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Anatomy of the Knee

The knee is a complex joint that supports much of the body’s weight and allows for a wide range of motion. It consists of several critical structures:

  • Bones: The knee joint is formed by the femur (thigh bone), tibia (shin bone), and patella (kneecap).
  • Cartilage: The menisci are two C-shaped pieces of cartilage that act as shock absorbers between the femur and tibia.
  • Ligaments: Four main ligaments stabilize the knee: the anterior cruciate ligament (ACL), posterior cruciate ligament (PCL), medial collateral ligament (MCL), and lateral collateral ligament (LCL).
  • Tendons: Tendons connect the muscles to the bones, allowing for movement.
  • Muscles: Various muscles around the knee provide strength and stability.
  • Bursa: Fluid-filled sacs called bursae reduce friction and allow smooth movement.

Common Causes of Knee Pain

Knee pain can result from various conditions, injuries, and degenerative changes. Some of the common causes we treat at Excel Health include:

Knee Arthritis

Knee arthritis involves inflammation of the knee joint, often due to osteoarthritis or rheumatoid arthritis. Osteoarthritis results from the gradual wear and tear of cartilage, while rheumatoid arthritis is an autoimmune condition affecting the joint lining. Symptoms include pain, stiffness, swelling, and reduced range of motion, making everyday activities challenging.

ACL Injury

An ACL injury is a tear of the anterior cruciate ligament, a key ligament that helps stabilize the knee joint. This injury often occurs during sports involving sudden stops, jumps, or changes in direction. Symptoms include a loud “pop” sound, severe pain, swelling, and instability of the knee.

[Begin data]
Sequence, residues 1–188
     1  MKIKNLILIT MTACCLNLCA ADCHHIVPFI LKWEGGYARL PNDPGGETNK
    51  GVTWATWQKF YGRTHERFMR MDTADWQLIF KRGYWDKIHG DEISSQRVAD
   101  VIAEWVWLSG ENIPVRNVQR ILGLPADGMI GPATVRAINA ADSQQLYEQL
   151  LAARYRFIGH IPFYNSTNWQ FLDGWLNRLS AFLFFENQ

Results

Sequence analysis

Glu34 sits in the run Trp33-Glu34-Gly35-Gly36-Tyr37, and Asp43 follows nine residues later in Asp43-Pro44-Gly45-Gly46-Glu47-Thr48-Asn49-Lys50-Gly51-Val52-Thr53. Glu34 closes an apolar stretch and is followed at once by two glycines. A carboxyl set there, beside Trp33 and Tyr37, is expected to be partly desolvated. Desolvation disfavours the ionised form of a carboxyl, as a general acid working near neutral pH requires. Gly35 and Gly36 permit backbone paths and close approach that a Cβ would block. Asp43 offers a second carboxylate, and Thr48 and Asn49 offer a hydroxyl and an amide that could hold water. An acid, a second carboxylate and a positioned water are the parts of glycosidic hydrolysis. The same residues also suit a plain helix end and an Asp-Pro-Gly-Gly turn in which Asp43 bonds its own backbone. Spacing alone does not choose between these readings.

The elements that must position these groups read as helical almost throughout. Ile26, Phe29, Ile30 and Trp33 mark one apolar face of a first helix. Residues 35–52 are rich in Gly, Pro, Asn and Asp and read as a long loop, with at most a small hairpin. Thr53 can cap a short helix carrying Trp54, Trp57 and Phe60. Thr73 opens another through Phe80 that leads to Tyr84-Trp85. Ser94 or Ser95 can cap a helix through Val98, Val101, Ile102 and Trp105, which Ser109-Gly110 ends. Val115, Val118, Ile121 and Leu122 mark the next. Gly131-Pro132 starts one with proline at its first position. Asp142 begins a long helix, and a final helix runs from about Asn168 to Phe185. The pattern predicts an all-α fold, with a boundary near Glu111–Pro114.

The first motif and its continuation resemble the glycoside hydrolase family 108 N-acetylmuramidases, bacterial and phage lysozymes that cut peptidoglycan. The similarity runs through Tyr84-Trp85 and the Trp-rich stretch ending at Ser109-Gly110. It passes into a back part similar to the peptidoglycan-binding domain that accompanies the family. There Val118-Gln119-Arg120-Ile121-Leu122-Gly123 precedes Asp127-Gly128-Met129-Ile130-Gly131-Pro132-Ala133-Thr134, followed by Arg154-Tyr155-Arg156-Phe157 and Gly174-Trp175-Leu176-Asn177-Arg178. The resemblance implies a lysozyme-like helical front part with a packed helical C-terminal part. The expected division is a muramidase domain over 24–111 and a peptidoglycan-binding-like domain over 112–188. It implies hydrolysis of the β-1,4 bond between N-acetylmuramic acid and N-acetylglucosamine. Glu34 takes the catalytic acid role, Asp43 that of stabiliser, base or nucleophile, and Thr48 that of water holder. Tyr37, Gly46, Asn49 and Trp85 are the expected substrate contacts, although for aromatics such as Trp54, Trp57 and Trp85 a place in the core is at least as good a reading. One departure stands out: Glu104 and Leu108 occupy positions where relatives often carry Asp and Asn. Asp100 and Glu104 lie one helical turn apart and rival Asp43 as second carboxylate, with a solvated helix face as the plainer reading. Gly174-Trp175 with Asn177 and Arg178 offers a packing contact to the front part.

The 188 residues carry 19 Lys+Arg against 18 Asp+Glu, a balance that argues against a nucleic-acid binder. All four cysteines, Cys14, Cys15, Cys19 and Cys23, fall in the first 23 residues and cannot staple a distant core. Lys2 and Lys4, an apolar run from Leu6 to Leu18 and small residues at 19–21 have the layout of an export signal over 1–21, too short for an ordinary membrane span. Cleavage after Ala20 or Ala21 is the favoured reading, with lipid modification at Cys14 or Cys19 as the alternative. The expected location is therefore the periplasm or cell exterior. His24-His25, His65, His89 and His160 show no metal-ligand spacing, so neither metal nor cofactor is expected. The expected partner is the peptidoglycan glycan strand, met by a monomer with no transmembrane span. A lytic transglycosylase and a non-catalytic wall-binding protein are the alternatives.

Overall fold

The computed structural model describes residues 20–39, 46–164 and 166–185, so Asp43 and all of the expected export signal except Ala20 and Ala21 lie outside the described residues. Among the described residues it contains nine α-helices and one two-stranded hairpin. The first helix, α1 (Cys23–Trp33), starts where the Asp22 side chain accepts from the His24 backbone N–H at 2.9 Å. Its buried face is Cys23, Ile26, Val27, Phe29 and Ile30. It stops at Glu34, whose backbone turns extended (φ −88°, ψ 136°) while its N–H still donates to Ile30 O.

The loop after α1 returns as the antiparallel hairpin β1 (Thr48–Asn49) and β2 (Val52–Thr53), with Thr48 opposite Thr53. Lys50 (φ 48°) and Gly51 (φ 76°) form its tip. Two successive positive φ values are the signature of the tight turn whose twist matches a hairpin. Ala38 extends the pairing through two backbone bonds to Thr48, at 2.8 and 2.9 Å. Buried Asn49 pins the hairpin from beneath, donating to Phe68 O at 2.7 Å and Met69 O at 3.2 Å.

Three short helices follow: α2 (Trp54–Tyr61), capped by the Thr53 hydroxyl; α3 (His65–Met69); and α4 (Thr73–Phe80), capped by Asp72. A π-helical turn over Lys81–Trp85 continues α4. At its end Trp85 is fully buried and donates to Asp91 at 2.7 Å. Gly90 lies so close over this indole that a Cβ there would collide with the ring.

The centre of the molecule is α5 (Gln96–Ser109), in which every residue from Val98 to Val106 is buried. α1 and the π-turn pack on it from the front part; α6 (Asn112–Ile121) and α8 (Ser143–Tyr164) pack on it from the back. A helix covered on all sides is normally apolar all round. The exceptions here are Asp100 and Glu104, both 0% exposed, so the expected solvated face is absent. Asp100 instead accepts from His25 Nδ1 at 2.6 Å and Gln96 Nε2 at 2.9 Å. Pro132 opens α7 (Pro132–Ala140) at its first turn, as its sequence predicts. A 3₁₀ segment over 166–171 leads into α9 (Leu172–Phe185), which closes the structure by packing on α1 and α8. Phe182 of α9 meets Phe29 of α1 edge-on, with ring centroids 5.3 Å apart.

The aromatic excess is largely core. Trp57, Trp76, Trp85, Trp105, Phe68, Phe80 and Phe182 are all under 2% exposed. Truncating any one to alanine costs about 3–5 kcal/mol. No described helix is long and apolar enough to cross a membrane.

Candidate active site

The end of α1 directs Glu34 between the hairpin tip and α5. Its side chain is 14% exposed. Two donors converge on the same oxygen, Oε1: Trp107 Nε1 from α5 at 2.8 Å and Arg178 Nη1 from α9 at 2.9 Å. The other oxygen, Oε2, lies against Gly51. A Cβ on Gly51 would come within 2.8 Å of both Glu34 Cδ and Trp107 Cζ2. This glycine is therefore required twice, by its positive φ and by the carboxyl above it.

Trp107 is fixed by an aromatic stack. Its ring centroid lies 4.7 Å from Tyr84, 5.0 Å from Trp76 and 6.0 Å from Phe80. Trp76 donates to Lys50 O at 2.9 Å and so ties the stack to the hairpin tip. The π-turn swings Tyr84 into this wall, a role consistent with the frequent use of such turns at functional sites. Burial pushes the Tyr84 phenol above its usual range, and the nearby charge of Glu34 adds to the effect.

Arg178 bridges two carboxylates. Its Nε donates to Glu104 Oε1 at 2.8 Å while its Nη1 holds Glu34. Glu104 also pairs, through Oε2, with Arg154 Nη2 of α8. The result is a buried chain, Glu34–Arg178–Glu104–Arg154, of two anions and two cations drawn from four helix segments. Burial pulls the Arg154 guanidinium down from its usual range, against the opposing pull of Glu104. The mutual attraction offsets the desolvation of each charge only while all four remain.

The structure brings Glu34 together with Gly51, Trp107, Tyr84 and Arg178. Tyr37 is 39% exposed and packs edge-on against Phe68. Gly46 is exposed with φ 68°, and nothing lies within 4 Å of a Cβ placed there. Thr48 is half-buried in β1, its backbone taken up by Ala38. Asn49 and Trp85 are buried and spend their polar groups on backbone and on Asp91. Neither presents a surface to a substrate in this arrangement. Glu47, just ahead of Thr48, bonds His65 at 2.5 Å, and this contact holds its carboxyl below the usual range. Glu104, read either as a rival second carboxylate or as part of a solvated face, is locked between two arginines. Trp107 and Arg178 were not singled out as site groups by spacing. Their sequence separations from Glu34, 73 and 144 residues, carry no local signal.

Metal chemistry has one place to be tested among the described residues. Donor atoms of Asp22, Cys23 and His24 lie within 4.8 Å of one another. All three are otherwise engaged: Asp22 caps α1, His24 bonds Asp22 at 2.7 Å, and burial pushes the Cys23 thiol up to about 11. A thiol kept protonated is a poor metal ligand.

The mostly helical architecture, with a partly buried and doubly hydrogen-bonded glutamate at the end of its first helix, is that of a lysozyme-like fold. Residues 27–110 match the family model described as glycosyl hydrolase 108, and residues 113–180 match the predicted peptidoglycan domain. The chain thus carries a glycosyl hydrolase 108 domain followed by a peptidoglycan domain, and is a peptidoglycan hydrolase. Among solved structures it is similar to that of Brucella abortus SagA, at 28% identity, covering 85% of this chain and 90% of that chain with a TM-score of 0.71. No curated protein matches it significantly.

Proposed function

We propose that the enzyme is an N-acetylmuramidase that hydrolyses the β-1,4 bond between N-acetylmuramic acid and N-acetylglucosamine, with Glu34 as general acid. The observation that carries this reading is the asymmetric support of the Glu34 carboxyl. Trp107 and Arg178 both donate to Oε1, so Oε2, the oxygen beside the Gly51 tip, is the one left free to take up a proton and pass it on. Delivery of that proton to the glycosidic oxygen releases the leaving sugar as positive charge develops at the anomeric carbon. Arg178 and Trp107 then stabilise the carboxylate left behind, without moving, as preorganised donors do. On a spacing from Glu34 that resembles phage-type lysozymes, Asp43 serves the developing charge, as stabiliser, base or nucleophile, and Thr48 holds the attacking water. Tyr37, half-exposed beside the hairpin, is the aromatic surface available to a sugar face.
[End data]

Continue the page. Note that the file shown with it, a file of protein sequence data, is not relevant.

Meniscus Tear

A meniscus tear involves damage to the cartilage that cushions the knee joint. This injury can result from sudden twisting or turning motions, especially in sports, or from degenerative changes over time. Symptoms include pain, swelling, stiffness, and difficulty moving the knee.

Peroneal Nerve Impingement

Peroneal nerve impingement occurs when the peroneal nerve, which runs along the outer side of the lower leg and controls movement and sensation in the lower leg and foot, becomes compressed. This condition can result from injury, repetitive stress, or prolonged pressure on the nerve.

Diagnosis and Treatment at Excel Health

At Excel Health, our orthopedic specialists use advanced diagnostic techniques, including imaging studies and thorough physical examinations, to accurately identify the cause of your knee pain. We develop personalized treatment plans tailored to your specific condition and needs.

Our treatment options range from non-surgical approaches such as physical therapy, medications, and injections to surgical interventions if necessary. Our aim is to relieve your pain, restore knee function, and help you return to your daily activities with improved comfort and mobility.

Contact Us

If knee pain is affecting your daily life, schedule a consultation with one of our specialists at Excel Health. We are committed to providing comprehensive care to help you achieve optimal knee health and regain your ability to move freely and comfortably.

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